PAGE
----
Owing to the US-China trade war as well as free trade agreements with ASEAN countries that allow duty-free imports into the country.
Imports of cheaper yarn from countries such as China and Indonesia are hurting India’s second largest employer, the textile industry, and a large number of small and medium yarn producing units are on the brink of closure, said experts.
Owing to the US-China trade war as well as free trade agreements with ASEAN countries that allow duty-free imports into the country, viscose staple fibre (VSF) yarn imports have surged about 200% year on year in the first five months of this financial year, touching a record 8,029 tonnes in August for an average monthly demand of 50,000 tonnes. China, with its excess capacity, has been at the forefront of exports, followed by Indonesia, driving down the price of VSF yarn to Rs 160-165 per kg from the highs of Rs 190-200 six months ago.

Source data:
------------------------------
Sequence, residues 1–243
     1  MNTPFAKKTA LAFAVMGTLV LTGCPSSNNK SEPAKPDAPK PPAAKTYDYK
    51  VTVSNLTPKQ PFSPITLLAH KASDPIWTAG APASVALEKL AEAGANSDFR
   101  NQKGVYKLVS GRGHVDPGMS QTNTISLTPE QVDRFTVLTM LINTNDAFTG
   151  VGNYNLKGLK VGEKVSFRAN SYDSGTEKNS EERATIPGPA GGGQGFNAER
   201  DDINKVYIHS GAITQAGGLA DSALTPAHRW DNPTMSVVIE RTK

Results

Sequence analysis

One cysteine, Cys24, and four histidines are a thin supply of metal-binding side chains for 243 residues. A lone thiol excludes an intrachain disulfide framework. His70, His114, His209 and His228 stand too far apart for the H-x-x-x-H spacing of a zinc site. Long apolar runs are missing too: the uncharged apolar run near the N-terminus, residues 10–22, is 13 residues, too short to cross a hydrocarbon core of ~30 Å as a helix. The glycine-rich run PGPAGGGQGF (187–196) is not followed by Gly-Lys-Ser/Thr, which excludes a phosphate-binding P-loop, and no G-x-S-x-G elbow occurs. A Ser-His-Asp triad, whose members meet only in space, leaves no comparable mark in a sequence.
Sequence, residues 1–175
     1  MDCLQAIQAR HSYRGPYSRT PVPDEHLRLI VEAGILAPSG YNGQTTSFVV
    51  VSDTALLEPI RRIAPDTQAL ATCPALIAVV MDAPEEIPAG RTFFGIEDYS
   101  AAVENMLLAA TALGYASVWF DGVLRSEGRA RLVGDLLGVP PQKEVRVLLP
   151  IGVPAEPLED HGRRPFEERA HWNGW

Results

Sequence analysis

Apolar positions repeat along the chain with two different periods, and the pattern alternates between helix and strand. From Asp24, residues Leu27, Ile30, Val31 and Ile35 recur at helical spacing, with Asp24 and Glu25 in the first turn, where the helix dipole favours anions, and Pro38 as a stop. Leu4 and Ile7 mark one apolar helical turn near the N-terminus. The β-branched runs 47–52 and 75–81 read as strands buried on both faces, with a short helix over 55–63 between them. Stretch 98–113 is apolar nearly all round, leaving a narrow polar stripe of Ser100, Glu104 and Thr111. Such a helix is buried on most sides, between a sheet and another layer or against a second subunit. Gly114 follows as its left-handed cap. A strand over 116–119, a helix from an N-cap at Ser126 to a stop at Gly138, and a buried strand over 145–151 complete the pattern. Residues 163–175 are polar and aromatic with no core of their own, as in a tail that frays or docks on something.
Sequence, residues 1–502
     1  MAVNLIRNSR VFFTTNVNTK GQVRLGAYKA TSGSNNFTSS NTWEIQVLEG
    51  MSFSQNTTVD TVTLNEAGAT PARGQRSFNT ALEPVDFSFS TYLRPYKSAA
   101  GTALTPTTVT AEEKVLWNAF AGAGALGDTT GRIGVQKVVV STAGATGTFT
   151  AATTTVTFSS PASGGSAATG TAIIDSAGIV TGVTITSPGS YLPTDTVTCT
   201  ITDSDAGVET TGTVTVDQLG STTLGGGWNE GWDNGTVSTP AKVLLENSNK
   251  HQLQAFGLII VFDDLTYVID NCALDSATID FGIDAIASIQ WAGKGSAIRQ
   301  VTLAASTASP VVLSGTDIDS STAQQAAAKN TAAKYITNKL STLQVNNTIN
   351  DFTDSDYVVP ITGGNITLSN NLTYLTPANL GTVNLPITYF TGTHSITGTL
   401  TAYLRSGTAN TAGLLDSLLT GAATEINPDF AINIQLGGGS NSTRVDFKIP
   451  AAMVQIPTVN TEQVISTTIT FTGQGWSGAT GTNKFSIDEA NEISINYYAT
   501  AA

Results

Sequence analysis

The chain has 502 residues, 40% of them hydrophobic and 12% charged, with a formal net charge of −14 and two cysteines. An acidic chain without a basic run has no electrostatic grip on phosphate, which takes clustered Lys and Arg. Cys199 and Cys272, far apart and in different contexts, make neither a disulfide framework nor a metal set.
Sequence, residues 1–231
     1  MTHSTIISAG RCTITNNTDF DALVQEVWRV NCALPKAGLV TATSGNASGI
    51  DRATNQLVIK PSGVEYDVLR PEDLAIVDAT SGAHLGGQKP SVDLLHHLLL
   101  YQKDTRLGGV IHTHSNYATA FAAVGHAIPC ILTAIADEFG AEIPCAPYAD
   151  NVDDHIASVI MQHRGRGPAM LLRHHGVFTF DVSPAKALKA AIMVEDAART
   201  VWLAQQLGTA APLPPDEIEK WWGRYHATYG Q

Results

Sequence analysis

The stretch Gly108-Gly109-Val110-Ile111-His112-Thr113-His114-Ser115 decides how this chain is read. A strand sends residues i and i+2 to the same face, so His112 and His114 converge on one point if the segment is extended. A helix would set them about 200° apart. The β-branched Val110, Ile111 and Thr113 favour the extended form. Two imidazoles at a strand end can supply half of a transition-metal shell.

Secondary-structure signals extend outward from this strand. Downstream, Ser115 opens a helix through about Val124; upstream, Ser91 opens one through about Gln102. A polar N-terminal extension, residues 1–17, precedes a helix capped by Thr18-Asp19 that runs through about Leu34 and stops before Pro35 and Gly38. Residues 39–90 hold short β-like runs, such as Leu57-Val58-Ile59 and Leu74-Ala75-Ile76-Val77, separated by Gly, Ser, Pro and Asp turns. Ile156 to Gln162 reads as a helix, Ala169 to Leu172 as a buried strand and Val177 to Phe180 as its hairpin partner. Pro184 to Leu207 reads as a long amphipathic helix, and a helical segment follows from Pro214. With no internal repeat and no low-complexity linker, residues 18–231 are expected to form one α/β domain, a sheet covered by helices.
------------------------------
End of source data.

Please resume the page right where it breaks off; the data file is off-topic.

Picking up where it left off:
At the same time, demand for the yarn has remained steady, growing at a compounded annual growth rate of 14% in the past five years. An industry insider said that excess capacity in China is more than the Indian demand for the fibre and with so much oversupply through cheaper imports, domestic manufacturers are forced to match the low price that is taxing them heavily.
There is currently a 5% duty on imports of VSF yarn and the industry is pleading to have government increase this to 10-15%. “These are not easy days. There is at least one month of unsold inventory across spinners, large and small,” said Ramesh Natarajan, secretary of Indian Manmade Yarn Manufacturers Association.
“People are contemplating production offs of one-two days a week and our only plea is for the government to step in urgently and increase import duty on VSF yarn from 5% to at least 10% to give a level-playing field to the industry.”
In the entire textile value chain, only fibre makers and end-users like brands belong to an organised industry. There are around 600 small, micro and medium enterprises engaged in the spinning of yarn, which is used to make a fabric that finds usage in garment-making.